Not storing your cord blood? Why not donate it?

Success rate of transplant is higher when cord blood is from the same ethnic group. (File)

Those who do not plan to store cord blood of their children after birth are encouraged to look into the option of donation, which is free of charge and could save lives.

Donation of cord blood stem cells was the topic of the weekly Twitter Clinic of the Dubai Health Authority (DHA), which aimed to raise awareness about an opportunity not many people are familiar with.

Cord blood stem cells can be donated, and with the help of these cells more than 80 diseases can be cured, said Fatma Al Hashimi, head of administration and education at the Dubai Cord Blood and Research Centre (DCRC).

There are many Arab families in need of cord blood and the Centre is sometimes unable to find a match with the same ethnic diversity, she continued to explain.

“When cord blood belongs to the same ethnicity there are higher chances of the tissue matching, this means the chances of the body rejecting the transplant is significantly lower. Thus the success rate of transplant is higher when the cord blood is from the same ethnic group.”

Because the stem cells can help in curing certain genetic disorders, cord blood banking can be done privately against a charge. In this case, the stem cells are stored for the potential use within the family.

“When a family has a certain disease such as cancer, autoimmune diseases, blood disorders etc., we highly recommend the mother preserves the stem cells of all her babies because the chances of her child/children developing any of these diseases is higher and when there are more units of stem cells available, the chances of an exact match and success are higher,” said Mayasah Al Khairullah, senior laboratory technologist and administration unit supervisor at the DCRC.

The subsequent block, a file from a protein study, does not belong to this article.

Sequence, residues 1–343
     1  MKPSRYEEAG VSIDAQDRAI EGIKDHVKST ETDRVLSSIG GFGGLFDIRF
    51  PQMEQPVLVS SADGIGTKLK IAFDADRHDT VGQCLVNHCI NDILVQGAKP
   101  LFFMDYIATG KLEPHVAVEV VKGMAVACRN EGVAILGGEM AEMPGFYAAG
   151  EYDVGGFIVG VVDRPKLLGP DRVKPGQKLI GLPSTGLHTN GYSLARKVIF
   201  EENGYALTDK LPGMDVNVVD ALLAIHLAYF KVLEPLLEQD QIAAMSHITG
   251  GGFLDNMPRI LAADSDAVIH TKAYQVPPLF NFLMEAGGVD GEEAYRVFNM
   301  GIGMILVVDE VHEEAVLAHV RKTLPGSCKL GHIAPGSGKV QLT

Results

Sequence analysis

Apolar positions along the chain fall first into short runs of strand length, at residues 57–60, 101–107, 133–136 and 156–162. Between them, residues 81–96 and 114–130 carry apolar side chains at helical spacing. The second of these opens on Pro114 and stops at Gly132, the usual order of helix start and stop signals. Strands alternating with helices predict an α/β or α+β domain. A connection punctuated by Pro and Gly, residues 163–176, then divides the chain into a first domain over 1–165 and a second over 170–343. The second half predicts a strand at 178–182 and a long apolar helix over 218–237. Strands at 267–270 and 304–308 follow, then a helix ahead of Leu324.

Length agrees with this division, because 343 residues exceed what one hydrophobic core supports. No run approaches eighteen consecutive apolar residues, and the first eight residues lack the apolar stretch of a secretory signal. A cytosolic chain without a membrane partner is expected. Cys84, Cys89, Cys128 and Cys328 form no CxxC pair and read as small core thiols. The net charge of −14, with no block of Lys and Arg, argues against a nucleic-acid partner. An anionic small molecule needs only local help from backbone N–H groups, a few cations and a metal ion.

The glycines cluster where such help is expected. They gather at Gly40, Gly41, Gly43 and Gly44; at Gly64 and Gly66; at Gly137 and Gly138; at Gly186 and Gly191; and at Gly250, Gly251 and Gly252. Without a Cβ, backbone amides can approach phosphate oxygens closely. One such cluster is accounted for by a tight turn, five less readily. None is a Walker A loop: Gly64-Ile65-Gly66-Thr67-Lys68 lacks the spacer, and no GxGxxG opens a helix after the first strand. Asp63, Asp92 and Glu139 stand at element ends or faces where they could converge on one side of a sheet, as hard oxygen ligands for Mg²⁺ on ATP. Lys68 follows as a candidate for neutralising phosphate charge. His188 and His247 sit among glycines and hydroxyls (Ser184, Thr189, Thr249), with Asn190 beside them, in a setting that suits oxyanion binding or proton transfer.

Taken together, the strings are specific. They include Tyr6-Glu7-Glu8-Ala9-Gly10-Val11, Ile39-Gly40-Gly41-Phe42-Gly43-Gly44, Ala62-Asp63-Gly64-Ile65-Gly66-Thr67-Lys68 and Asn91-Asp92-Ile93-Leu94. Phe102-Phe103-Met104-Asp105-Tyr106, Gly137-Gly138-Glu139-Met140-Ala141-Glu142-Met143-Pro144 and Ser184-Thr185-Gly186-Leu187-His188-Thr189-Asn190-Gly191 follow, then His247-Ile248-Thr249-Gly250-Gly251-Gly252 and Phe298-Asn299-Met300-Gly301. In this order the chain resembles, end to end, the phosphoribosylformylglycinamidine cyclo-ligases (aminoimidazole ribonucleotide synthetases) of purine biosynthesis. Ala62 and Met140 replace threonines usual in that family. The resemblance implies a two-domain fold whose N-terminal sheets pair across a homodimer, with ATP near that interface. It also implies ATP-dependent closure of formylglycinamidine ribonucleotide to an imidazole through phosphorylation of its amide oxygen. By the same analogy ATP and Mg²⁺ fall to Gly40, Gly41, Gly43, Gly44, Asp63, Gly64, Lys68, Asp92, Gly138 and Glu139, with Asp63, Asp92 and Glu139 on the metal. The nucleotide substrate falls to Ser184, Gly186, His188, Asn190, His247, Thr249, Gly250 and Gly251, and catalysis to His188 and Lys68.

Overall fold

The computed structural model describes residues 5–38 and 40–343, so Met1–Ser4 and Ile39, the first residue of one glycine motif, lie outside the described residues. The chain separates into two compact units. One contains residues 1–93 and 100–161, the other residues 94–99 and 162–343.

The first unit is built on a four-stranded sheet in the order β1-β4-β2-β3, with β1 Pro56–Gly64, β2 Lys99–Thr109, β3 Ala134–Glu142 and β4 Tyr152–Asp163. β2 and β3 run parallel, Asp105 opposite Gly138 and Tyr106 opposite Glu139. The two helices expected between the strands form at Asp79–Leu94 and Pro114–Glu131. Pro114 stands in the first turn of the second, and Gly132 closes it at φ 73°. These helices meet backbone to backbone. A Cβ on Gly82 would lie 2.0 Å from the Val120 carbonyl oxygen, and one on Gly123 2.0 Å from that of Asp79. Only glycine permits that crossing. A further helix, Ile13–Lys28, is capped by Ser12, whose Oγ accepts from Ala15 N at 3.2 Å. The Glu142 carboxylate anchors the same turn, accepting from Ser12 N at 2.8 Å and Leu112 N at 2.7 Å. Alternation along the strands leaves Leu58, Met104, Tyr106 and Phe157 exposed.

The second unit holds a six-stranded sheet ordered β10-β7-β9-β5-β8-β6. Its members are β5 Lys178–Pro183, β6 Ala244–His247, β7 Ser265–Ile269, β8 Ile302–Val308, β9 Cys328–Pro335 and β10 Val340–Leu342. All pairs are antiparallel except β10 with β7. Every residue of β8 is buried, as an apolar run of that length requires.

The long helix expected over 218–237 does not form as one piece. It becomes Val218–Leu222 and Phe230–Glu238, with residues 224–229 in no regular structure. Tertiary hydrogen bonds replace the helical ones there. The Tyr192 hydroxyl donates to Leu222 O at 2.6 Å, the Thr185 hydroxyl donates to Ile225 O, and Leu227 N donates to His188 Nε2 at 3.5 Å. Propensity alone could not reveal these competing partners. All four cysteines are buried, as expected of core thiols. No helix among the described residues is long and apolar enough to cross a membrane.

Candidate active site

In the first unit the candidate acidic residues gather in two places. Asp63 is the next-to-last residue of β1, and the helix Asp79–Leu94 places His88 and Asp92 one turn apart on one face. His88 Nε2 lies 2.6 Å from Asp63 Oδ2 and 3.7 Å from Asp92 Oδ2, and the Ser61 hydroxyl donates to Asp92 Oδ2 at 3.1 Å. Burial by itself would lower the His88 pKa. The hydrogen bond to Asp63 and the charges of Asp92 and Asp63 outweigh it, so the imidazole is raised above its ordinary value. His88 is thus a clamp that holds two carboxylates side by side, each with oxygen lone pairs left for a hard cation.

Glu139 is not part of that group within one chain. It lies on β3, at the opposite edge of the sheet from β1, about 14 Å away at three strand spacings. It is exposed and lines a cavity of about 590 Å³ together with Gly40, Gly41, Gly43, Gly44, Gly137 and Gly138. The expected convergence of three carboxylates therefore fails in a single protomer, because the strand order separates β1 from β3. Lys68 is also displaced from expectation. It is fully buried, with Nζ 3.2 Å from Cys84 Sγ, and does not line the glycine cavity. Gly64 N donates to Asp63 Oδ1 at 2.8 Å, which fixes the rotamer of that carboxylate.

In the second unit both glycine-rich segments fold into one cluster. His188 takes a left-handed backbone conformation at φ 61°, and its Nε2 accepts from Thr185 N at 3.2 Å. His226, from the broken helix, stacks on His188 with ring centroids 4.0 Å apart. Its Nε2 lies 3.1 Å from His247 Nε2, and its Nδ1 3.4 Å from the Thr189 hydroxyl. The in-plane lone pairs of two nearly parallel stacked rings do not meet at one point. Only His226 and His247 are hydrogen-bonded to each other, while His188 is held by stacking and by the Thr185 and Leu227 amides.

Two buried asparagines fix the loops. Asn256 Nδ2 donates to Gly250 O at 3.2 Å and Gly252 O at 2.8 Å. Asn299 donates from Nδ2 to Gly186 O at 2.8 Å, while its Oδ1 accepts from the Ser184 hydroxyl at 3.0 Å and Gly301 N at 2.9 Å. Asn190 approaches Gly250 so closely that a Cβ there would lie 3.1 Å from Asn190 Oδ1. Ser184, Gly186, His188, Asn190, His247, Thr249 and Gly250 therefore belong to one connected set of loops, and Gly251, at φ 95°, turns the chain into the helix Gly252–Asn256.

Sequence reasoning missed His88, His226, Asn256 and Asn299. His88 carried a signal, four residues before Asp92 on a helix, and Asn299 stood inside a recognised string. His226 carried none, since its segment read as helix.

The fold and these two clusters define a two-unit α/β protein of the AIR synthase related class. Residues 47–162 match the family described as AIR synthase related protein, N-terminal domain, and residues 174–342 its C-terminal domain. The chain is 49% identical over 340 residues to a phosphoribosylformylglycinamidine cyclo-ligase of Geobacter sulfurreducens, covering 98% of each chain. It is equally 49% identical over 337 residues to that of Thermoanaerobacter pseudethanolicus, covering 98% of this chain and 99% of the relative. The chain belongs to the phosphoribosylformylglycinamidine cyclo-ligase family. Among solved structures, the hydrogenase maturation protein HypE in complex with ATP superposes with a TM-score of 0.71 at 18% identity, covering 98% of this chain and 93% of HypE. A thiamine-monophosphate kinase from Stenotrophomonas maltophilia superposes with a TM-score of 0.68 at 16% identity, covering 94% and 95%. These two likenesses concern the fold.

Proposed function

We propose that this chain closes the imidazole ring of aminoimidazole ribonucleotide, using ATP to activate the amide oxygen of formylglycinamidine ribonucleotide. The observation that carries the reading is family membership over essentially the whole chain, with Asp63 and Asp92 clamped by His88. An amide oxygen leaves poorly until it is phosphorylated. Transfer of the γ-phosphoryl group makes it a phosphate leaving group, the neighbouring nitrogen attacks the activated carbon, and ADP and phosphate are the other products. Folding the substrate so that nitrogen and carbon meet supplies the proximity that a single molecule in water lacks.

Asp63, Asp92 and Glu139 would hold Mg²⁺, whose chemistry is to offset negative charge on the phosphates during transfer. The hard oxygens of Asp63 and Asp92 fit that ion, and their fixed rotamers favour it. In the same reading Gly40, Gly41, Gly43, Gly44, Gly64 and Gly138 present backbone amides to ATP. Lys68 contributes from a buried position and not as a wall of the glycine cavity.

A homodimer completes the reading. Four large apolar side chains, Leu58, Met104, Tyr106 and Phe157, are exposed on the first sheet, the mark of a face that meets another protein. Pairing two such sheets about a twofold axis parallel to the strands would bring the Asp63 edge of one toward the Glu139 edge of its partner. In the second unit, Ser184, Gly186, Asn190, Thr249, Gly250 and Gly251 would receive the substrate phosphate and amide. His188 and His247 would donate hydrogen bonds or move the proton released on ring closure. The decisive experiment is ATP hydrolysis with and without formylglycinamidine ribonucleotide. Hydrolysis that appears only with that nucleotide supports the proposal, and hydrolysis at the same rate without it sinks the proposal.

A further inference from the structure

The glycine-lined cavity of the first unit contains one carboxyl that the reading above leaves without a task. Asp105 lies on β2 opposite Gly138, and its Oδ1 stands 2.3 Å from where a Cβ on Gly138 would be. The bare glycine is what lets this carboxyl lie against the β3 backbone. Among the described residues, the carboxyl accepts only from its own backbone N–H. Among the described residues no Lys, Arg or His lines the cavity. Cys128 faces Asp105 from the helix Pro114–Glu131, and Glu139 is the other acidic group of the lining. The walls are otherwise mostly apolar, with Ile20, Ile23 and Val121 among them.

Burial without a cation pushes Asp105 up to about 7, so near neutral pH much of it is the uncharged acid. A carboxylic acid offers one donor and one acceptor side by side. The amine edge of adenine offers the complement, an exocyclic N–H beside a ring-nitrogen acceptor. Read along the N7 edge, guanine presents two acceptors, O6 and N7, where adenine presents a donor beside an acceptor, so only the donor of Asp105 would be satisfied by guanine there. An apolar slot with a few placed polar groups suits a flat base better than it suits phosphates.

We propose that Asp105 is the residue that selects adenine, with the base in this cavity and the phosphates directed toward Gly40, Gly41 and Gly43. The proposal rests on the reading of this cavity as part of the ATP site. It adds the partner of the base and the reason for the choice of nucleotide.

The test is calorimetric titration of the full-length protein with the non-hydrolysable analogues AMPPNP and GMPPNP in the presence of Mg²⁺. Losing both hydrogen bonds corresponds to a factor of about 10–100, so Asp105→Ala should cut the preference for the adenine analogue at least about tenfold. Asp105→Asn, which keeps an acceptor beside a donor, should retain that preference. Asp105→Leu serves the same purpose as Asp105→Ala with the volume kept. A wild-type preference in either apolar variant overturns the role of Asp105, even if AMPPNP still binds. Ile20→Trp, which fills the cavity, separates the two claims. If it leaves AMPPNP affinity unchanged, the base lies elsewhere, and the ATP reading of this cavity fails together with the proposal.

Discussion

“Mothers who have multiple pregnancies but do not have any family history of such diseases are ideal candidates for public banking of cord blood. After they store the cord blood for their family, for the subsequent pregnancies, it is recommended that they donate the stem cells for the public registry.”

“Sometimes we see cases where after these women have saved their cord blood for their personal use at least two to three times, they do not want to spend money to store stem cells for their subsequent pregnancies and since many of them are unaware of the concept of public banking, these stem cells are wasted.  Our appeal to women is to ensure stem cells are not wasted as they can be used to save lives.

“We strongly encourage families to donate cord blood stem cells so that we have a UAE public registry to help people in need. Stem cells are the future of medicine and public banking is a trend that is catching on globally due to the several diseases stem cells can cure. Preserving the stem cell is essential and the cells can be stored for 30 years.”

The centre has 4800 units collected, of which nine units were used for eight patients, said Al Hashemi. “One of the patients, aged 4, had thalassemia and when her mother was pregnant with identical twins, she saved both units that were used for saving the elder sister’s life. Today she is free of thalassemia and lives a normal life.”

Those interested to contact the Centre can call on 04-2194010/11

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